Monday, June 2, 2008

This is SO Our Lives!

Sex and the City

Release: 05.30.2008
Rated R

2 hours, 28 minutes

For Fans:
Matinee ($$$)
For Moviegoers: Second-Run Seats ($$)

What started out as a Saturday movie date between my wife and I doubled when two of our female friends decided to join us for
Sex and the City. As I stood in line next to several quartets of women dressed in their most stylish summer wear, the irony of my situation did not escape me. After staking our claim on a set of seats, I headed back out for my routine bladder flush in preparation for the two-plus hours ahead. As I opened the door, the very definition of the movie's characters - a Northerner - was entering. Her face widened into a smile as she said to me in her best Samantha-esque tone, "A man. I love it!" Assuming this wasn't my natural musk affecting her and more the idea of a man coughing up the cash for a chick flick, I couldn't help but wonder: In the world we live in today is it wrong for a man to enjoy a film aimed directly at women? Would I be labeled a prick for not tearing up at the tender moments? Should I be offended ladies assume I won't relate because I have a prick?

Putting those questions aside for a moment, let's talk plot. Sex picks up four years after the HBO series ended its six-year-long run. Carrie and Big decide to move in together, which leads to the big M. One really fancy dress, a couple of opinionated loudmouths, two hundred guests and a heap of anxiety later, a plot is born.

For any virgin audience members or those needing a S&C refresher, writer-director Michael Patrick King opens with a brief, scrapbook-style clip show from the lives of Carrie (Sarah Jessica Parker, Honeymoon in Vegas), Miranda (Cynthia Nixon, Igby Goes Down), Samantha (Kim Cattrall, Mannequin) and Charlotte (Kristin Davis, Melrose Place). These ladies (listed in order according to screen-time and story significance) are reunited with all the regular supporting cast from Mr. Big (Chris Noth, The Glass House) to Stanford (Willie Garson, Fever Pitch) to Magda (Lynn Cohen, Munich).

Those who watched the series know a follow-up was unnecessary given its tidy conclusion. But hey, when the cow's still producing, don't put her out to pasture. In this case, the cow is King who develops some engaging new material. However, his bloated udders spew far too much story to be completely interesting. Sex and the City has far too many segues and plodding conversations that could have easily been cut for improved story-telling. Were three ad-hoc fashion montages really necessary?! Maybe if they'd been trimmed there would have been more time for equal story development among the four leads.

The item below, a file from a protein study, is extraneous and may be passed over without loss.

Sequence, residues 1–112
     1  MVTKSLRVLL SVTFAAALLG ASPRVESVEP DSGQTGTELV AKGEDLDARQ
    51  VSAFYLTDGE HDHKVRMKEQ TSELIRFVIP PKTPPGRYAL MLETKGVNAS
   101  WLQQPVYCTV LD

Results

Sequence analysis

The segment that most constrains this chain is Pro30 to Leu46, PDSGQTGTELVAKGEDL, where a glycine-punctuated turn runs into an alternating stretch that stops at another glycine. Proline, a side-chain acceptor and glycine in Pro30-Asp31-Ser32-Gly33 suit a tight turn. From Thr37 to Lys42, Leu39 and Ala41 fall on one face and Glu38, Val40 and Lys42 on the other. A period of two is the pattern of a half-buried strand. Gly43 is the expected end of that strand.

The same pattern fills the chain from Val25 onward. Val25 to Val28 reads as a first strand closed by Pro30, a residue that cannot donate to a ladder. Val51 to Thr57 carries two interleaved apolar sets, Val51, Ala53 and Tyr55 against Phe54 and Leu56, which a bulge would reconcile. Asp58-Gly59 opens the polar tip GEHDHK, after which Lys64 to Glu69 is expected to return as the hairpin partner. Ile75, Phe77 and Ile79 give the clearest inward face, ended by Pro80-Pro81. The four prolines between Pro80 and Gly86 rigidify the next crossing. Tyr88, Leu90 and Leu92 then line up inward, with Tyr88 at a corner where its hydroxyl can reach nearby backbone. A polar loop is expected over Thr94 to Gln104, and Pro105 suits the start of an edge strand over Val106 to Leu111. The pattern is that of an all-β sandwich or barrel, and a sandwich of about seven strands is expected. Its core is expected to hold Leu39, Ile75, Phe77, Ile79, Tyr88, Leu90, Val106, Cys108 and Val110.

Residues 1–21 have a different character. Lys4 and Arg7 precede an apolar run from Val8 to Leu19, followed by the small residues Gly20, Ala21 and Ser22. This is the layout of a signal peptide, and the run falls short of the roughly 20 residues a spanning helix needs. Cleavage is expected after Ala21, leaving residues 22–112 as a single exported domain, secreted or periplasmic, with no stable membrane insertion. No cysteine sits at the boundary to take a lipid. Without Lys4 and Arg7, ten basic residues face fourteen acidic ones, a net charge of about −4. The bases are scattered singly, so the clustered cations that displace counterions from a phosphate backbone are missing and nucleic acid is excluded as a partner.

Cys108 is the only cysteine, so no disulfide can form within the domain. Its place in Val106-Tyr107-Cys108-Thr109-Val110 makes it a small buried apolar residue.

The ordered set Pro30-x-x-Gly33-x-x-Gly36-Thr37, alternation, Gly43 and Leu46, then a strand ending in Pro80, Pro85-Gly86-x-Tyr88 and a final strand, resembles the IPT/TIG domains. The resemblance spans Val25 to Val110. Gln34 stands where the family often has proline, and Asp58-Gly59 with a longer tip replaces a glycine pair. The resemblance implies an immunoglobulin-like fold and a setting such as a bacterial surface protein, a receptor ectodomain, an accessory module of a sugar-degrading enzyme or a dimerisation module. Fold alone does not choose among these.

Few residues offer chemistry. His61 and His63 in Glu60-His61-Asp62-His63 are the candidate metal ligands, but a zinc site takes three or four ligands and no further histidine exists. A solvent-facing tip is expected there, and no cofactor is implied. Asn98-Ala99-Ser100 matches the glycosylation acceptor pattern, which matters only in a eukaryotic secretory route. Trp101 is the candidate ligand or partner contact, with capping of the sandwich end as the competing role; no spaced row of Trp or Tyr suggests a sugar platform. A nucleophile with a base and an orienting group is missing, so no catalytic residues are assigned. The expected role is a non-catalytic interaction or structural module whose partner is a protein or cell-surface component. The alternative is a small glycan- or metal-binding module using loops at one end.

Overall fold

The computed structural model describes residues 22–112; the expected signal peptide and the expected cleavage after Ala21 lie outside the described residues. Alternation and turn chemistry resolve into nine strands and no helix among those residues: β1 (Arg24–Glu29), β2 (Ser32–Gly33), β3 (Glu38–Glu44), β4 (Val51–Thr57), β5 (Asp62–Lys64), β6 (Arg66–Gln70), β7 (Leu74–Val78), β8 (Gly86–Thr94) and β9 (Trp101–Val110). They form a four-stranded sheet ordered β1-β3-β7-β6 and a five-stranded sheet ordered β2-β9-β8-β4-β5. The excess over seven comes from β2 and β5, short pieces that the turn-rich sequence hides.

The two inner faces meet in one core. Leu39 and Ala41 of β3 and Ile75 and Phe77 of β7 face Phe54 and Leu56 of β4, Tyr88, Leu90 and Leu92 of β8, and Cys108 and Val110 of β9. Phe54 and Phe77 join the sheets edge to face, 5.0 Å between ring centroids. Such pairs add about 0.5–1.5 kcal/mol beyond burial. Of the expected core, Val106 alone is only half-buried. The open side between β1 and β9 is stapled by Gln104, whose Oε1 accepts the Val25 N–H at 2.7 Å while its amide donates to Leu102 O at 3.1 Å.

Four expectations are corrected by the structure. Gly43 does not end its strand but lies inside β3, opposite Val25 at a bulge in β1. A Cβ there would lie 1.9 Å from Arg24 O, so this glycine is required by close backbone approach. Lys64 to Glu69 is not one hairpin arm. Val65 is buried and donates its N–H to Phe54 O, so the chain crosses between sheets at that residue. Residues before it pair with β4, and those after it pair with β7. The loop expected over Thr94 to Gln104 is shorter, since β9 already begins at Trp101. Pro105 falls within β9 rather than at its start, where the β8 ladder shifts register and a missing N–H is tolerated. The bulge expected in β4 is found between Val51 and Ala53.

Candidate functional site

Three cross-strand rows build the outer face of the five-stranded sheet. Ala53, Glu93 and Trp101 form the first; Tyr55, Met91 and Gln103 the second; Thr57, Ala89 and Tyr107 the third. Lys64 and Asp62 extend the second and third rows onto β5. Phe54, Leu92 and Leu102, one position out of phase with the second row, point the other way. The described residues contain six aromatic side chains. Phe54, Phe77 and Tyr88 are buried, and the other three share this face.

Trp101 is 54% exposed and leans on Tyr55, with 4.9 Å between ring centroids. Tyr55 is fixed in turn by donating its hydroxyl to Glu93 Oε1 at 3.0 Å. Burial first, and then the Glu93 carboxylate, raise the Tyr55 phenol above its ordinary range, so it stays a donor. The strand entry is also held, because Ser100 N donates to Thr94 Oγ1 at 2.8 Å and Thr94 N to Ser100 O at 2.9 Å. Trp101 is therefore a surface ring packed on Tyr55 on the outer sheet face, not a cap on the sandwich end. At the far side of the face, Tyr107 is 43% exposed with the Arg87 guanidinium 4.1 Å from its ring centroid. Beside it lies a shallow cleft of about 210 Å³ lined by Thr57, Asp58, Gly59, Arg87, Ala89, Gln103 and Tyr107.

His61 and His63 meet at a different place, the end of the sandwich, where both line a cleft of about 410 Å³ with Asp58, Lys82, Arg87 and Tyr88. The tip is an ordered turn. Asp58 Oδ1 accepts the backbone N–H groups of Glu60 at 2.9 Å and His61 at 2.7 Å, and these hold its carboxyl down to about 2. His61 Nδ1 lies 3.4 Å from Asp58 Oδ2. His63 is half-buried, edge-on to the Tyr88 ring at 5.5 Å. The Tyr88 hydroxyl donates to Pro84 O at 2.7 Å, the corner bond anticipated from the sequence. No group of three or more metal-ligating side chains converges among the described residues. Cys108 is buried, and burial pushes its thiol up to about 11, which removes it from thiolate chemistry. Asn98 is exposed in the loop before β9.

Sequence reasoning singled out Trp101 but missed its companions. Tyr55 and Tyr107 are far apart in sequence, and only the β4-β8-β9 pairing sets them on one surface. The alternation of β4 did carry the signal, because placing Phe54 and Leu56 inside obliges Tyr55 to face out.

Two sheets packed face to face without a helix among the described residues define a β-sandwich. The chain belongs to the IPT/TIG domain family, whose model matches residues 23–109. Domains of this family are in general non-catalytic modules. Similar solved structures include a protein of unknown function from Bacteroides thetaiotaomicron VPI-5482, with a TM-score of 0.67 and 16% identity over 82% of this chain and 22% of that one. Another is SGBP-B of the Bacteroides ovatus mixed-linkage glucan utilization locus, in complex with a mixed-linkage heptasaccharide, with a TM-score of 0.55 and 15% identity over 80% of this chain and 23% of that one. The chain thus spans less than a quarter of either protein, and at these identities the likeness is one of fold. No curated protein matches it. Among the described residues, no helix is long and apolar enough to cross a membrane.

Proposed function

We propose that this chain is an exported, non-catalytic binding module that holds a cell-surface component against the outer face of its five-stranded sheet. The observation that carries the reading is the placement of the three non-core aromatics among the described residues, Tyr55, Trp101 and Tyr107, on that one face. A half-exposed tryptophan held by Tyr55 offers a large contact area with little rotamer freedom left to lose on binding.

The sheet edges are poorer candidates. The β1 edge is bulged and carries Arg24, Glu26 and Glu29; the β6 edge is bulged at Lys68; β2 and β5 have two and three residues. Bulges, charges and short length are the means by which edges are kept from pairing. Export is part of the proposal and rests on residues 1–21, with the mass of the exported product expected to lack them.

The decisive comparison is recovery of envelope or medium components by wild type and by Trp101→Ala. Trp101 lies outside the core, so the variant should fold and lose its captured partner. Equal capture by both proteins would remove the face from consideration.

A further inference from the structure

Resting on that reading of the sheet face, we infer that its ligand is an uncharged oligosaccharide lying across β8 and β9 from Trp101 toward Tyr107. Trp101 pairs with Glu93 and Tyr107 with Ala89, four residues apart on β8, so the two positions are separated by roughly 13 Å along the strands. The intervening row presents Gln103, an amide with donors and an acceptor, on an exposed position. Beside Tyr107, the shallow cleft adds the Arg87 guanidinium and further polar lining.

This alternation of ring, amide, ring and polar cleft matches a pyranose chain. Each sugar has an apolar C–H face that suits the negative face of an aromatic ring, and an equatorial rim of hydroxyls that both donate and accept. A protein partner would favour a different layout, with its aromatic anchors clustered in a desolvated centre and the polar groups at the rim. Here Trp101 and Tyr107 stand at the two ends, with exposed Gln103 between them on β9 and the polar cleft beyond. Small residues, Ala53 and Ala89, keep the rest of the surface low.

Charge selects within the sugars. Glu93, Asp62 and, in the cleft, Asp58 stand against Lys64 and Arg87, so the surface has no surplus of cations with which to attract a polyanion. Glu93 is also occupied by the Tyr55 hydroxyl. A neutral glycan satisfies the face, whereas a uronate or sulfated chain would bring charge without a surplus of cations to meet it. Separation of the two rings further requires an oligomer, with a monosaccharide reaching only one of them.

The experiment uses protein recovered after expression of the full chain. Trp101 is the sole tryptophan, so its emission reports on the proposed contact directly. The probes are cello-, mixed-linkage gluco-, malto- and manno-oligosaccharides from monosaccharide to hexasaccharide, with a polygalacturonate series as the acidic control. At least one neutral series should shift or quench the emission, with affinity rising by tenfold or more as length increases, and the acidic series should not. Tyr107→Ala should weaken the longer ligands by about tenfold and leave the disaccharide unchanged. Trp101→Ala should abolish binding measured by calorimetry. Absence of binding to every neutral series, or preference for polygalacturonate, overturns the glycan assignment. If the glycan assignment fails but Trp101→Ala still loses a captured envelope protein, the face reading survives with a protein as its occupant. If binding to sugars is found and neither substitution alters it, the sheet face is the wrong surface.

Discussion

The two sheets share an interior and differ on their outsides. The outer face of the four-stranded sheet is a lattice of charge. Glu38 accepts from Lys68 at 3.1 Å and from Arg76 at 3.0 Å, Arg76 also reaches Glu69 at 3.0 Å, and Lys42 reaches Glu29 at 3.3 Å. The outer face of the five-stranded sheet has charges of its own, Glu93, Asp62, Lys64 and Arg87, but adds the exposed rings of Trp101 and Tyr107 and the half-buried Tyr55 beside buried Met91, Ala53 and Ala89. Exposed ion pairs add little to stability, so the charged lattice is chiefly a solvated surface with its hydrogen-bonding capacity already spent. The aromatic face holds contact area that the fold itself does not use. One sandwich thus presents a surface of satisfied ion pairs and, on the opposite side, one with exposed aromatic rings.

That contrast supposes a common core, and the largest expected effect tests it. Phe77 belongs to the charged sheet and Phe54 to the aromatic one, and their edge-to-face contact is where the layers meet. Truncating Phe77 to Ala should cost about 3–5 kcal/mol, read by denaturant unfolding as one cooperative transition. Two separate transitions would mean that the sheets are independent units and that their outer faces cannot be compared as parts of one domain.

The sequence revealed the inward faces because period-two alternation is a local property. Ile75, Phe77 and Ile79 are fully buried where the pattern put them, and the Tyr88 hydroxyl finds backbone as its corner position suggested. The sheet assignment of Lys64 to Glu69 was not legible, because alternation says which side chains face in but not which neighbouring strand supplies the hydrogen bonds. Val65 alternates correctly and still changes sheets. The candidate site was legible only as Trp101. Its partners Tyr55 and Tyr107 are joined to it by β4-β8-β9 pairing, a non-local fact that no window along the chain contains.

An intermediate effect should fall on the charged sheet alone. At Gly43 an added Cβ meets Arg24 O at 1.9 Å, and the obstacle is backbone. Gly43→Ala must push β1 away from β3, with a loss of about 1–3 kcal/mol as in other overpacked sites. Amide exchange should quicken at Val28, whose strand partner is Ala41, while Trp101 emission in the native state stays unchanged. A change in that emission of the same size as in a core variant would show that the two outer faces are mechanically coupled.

After six years in these roles would a long hiatus make the actors' reprisals clunky? As someone who has seen over half the episodes, the ladies and company are still true to form. The singular exception is the only new character, Carrie's assistant Louise (Jennifer Hudson, Dreamgirls). This role was not the best follow-up to Hudson's Oscar-winning performance. Further evidence of King's indulgent style, the role was conceived and implemented as a plot device, which gave her little to work with... so I can understand why she didn't really try.

Dirty Undies
For a film titled Sex and the City, the main ingredients have become the garnish. While the stories offer up adult situations, conversations and lots of use of the word sex, only half of the ladies offer up sexually graphic content. Me being a fan of Charlotte and Samantha, I wasn't entirely disappointed.

The Money Shot
Does my less-than-stellar experience prove the age-old adage that men weren't meant to understand women? Will men always view women from our perch atop Mars or can we possibly imagine life on Venus? Maybe we are asking all the wrong questions to all the wrong people. Maybe it's time we pull back that curtain and discover the great and powerful Oz is nothing more than a little man drunk on his own power.

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